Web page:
Philip Jenkins


Scholars produce many reasons why new religions should attract particular groups, and offer similar messages, eg the promise of healing. Often these reasons are drawn from psychology or sociology. But the groups themselves explain their message and their appeal according to particular religious narratives. We can see this especially from the wave of new movements that arose in the mid-nineteenth century, groups like the Mormons, Shakers, Adventists, Spiritualists and Communal groups, but similar ideas actually occur throughout the history of Christianity, and indeed through other world religions. IŐll look at this chiefly through the lens of Christianity and post-Christian groups.


Much of what follows draws from the Mormon framework, but it also applies widely to the other groups mentioned – and to many groups both earlier and later. It is of course an ideal statement, a general model, and certainly not every group fills every criterion.


The underlying idea: The Bible holds out promises of a glorious world under GodŐs rule, although that picture differs radically from any kind of present reality. Something has gone terribly wrong, and almost certainly the existing churches and faiths are to blame. However, God has not abandoned the world, and offers the means to set it right. He promises a restoration of the primitive faith and its scriptures. This might take many forms, which include:


1. A new prophetic dispensation. God selects a particular individual to proclaim the restored gospel to the world. Inspiration is now widely available, especially to those excluded by the present religious order. Prophets and apostles wander the earth once more.


2. Prophets and teachers are likely to be drawn from those groups despised by the old order – from the young, the uneducated, but especially ands above all, from women. The old world is turned upside down.


3. In the new age, the lines dividing this world and the next become thin, as prophets have access to divine wisdom through heavenly messengers or angels.


4. A restored gospel, a new scripture, might teach the new faith. In these special times, the canon of scripture is no longer closed, but is open to inspired teaching. These scriptures might be new, or they might be lost ancient scriptures now rediscovered and properly interpreted for the first time. Perhaps the established churches have concealed or distorted these scriptures up to the present time.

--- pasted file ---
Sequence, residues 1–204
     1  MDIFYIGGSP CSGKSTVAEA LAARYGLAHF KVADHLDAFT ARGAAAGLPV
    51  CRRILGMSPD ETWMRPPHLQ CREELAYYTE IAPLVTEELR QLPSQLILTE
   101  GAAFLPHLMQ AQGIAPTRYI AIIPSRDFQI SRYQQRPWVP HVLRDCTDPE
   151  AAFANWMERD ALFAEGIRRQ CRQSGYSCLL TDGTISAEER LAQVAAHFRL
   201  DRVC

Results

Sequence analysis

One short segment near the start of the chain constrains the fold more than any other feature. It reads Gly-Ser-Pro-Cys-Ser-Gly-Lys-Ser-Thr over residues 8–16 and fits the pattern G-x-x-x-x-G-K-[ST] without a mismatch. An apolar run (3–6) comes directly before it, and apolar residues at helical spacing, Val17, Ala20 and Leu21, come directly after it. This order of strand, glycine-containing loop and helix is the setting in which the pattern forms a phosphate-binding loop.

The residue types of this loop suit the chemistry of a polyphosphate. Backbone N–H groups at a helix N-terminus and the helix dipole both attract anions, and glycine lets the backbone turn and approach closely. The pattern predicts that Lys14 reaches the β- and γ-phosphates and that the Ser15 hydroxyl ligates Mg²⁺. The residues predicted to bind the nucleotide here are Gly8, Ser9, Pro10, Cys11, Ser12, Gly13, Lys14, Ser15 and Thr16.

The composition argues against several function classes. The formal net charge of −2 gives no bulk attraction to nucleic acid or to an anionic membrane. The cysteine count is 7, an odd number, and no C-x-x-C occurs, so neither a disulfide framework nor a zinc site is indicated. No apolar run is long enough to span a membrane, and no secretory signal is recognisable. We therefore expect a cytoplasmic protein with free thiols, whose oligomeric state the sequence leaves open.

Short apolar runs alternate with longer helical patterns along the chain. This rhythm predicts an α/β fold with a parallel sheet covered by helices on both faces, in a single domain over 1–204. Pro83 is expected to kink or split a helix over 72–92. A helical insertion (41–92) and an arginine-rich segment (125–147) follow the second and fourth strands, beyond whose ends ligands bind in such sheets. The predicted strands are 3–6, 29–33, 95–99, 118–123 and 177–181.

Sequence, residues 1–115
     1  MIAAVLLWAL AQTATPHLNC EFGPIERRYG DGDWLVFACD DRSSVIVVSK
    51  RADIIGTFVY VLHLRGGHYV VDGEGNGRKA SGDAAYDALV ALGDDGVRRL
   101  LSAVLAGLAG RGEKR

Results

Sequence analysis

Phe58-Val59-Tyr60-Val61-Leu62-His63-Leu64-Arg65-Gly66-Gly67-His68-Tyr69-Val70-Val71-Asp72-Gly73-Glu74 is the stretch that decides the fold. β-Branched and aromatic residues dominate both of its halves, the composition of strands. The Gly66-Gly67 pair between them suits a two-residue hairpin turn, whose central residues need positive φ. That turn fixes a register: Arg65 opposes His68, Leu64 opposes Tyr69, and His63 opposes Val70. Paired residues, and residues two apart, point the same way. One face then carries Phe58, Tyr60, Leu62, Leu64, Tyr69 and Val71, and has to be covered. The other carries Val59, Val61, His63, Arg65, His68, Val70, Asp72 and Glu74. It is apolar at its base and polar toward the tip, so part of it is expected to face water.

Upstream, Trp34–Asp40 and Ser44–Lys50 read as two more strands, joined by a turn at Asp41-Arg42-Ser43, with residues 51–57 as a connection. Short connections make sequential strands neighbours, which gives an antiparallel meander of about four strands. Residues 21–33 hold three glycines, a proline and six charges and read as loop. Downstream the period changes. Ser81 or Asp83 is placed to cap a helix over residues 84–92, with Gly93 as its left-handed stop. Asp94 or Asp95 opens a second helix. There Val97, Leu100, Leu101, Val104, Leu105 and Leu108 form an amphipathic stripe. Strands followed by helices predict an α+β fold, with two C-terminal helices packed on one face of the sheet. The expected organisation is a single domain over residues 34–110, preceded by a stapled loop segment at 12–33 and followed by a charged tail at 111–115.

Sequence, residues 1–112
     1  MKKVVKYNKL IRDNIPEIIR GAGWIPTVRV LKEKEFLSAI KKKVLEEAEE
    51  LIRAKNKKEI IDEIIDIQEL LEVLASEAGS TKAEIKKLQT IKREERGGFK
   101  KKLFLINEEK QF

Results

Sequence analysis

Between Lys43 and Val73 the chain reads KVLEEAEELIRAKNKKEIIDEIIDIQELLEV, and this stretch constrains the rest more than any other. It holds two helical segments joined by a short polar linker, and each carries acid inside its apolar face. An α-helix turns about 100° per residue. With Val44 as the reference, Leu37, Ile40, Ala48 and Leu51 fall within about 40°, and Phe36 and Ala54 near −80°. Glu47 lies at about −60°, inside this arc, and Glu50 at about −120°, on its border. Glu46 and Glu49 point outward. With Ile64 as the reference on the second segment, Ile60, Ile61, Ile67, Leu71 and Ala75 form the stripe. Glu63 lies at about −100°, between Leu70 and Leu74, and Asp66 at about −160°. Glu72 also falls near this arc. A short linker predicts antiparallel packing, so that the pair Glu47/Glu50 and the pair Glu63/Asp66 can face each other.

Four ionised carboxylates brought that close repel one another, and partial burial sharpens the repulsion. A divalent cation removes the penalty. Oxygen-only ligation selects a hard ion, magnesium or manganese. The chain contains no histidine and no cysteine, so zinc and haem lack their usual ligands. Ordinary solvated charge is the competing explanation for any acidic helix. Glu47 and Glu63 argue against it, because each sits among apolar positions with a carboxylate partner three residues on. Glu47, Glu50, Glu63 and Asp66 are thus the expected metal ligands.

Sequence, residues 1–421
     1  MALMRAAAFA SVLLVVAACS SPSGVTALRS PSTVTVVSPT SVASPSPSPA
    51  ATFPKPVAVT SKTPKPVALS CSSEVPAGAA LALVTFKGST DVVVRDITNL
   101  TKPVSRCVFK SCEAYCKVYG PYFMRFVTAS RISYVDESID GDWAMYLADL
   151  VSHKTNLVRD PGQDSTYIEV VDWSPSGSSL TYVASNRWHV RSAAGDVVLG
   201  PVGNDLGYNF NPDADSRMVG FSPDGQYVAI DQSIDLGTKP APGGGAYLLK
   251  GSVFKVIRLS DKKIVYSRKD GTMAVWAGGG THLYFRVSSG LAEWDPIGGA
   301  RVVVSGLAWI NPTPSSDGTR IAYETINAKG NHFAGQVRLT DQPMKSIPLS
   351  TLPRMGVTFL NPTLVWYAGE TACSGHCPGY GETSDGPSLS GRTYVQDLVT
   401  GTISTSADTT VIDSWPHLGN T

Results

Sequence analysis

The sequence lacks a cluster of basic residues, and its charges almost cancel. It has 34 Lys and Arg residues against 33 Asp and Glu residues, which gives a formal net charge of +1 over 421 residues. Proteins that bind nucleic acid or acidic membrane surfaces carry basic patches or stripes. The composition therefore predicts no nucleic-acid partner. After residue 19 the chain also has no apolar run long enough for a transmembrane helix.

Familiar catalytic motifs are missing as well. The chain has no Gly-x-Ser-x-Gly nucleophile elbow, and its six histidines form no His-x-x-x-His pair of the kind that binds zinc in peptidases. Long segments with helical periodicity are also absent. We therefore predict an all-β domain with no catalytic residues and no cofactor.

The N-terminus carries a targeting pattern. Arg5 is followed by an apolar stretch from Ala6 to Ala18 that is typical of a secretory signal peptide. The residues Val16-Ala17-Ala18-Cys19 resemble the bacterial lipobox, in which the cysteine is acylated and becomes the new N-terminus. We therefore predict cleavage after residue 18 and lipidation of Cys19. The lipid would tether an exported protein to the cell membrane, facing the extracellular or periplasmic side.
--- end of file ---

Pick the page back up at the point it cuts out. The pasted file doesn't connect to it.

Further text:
5. This new age is a prelude to the end of the worldly era, and marks the end of times. It precedes the end of the world as we have known it, and the destruction of old social and religious structures. We might be living before the end of times, or perhaps those times have already ended, and only GodŐ chosen ones recognize the fact.


6. The world of the scriptures is restored. In the new world coming into being, life as portrayed in the original scriptures once again becomes possible. People will use the Bible as a literal guide for living, even if these standards violate the accepted codes of society. The more mainstream churches and society condemn the new way of life, the more proof believers have that theirs is the correct path. Persecution is a warrant of faith.


7. The quest for perfection. Heaven is once again available on earth. Perhaps this just applies to believers, who accept perfection, and must flee from a sinful world; or perhaps believers have a duty to lead the wider world into that new godly order.


8. All is transformed in the new world order. The transformation particularly affects personal and social relationships. With the end of old ideas of property and individualism, believers come together into communal settlements, to share in a common pursuit of perfection.


9. The emerging society must abandon any traditional distinctions and prejudices that prevent achieving social and human equality, crossing lines of race and gender.


10. The new order teaches a new sexual ethic, new attitudes to sexual purity and liberation. This might mean abstaining from sex, or new forms of marriage and family structure – polygamy, selective breeding, free loveÉ New attitudes to gender also affect theology, and might mean a more feminine or androgynous view of God.


11. The quest for perfection extends into every aspect of daily life. It demands new attitudes to the body and its improvement, new attitudes to food and drink. This often means encouraging or promoting special foods while forbidding others that are felt to be harmful or sinful. These dietary rules help create a sense of common belonging among members of the movement, and set them apart from the rest of society.


12. Central to the new age is the promise of healing in mind and body. This follows the promises offered in the scriptures, which are once again fully available to believers.


13. In the restored world, the end times, believes have access to a full and proper understanding of the laws of nature, which often means accepting ideas rejected by mainstream science. These ideas might affect notions of healing, the powers of the mind, or various supernatural manifestations. Believers are now granted special powers and abilities not previously available, and still not available to non-believers.


14. Beyond restoring the world of the Bible, believers now have access to the ancient wisdom and powers of other great civilizations, the wisdom of Babylon and Egypt. They share a common revelation that actually predates the Christian era.